Lack of offense spoils Galarraga's start
Right-hander gives up one run on one hit in 7 1/3 innings
DETROIT -- Armando Galarraga got to know Felix Hernandez during their time on the Venezuelan team in the World Baseball Classic. They had a hug and wished each other a good game, Galarraga said, when the Mariners arrived for this three-game series.
They probably couldn't have wished for this good of a matchup on Wednesday night. The ending, though, had to feel familiar for the Tigers.
Galarraga arguably outpitched Hernandez with 7 1/3 innings of one-hit ball, but it took one more hit to make it all for naught. Russell Branyan's two-run homer off Bobby Seay with two outs in the eighth inning provided the Mariners all the offense they needed, sending the Tigers to another 2-1 defeat. It marked Detroit's third loss by that score in its last four games.
After spending much of the season's first half trying to recapture his form as a front-line starter, Galarraga pitched his best outing of the year, only to fall to the same fate that Justin Verlander and Edwin Jackson did in their solid outings against the Yankees over the weekend.
In Wednesday's case, the two hits allowed tied for the lowest hit total allowed by the Tigers in defeat since 1954, according to research on baseball-reference.com. Detroit had suffered the same fate nine other times, but just four when pitching the full nine innings.
"I'm doing good things," Galarraga said. "Just keep it more consistent, try to keep going the same next start. That's when my numbers will change."
That's the consolation for the Tigers, who seem to have the makings of a deeper rotation as Galarraga gets further out of his early-season funk. With two rookie starters, the onus falls more on the second-year right-hander to provide innings, rest the bullpen and give the Tigers a chance to win on a consistent basis.
This was a golden opportunity against one of baseball's best pitchers. In the end, it wasn't so much the leadoff walk Galarraga allowed in the eighth, but all the baserunners the Tigers left stranded in the first.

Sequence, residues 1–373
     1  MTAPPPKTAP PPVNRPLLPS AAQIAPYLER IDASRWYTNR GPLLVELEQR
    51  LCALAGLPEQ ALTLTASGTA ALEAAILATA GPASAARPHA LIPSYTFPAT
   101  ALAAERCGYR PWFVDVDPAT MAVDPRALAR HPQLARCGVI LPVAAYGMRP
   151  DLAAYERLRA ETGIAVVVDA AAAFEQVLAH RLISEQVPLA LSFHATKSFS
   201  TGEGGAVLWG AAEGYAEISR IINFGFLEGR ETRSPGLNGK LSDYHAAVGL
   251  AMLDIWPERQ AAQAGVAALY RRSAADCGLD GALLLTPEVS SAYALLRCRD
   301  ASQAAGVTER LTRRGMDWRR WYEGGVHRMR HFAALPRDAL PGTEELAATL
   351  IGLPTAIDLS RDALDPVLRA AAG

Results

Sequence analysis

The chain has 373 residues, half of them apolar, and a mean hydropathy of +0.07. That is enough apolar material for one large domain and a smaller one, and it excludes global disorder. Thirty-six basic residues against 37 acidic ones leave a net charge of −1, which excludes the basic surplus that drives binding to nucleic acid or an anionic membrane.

The Tigers needed just three pitches from Hernandez to create their opportunity in the opening inning. Curtis Granderson and Placido Polanco hit back-to-back singles to put runners at the corners with nobody out.
"Really, in the first inning, we got exactly what we wanted," Tigers manager Jim Leyland said. "We got first and third with the 3-4-5 [hitters] up. That's pretty good."
That's when Hernandez began to work. Cabrera, 3-for-5 lifetime off his fellow countryman entering the night, fouled off back-to-back fastballs and a changeup on the outside corner, before swingly meekly at a slider off the plate. Clete Thomas, starting in the cleanup spot to give the Tigers another left-handed bat, fouled off two pitches out of the zone before taking a slider for a called third strike.
Marcus Thames battled his way to a walk, loading the bases, but Hernandez put Josh Anderson in an 0-2 hole before getting him to fly out to left.
"Sometimes it's frustrating," Leyland said, "and other times you kind of have to tip your hat, because you know that guy's capable of getting out of a jam like that. In this particular situation, it's probably a little frustrating, but that guy's really good."
Polanco's single and stolen base his next time up set up Thomas with another shot. This time he delivered, sending a ground ball through the middle for a two-out, third-inning single and a 1-0 lead. Thames' broken-bat infield single extended the inning before Hernandez overpowered Anderson with a fastball down and in.
"I don't know if he's got a 90 mph slider," Anderson said, "but he did tonight."
With those chances squandered, Hernandez (11-3) settled down to retire 12 of the final 14 batters he faced, one runner coming on a strikeout and wild pitch. Galarraga matched him by retiring 13 of the first 14 batters he faced with a heavy arsenal of sliders and sinkers.
"I felt good, really good," said Galarraga, whose ERA dropped a quarter run to 4.82. "Sliders, two-seamers, and my location's getting better."
He didn't give up a hit until Ryan Langerhans slapped a ground-ball single through the right side, just beyond the reach of Polanco, with one out in the fifth. The other four baserunners Galarraga allowed all reached on walks, and the first three didn't advance.
The fourth was former Tiger Jack Hannahan, who worked Galarraga full to lead off the eighth inning as Detroit nursed a 1-0 lead. After Ronny Cedeno moved Hannahan into scoring position, Leyland brought in Bobby Seay, a lefty specialist, to face Ichiro Suzuki. Shortstop Ramon Santiago caught Hannahan breaking for third on Ichiro's ground ball, easily throwing him out at third.
Branyan made that irrelevant, pouncing on a hanging slider by Seay (1-2) and sending it over the out-of-town scoreboard in right-center field for his 24th homer of the season. It was the second homer Seay allowed in as many nights after holding opponents scoreless in his previous 21 outings.
"Slider, caught the middle," Branyan said. "That's about it."
Jason Beck is a reporter for MLB.com. This story was not subject to the approval of Major League Baseball or its clubs.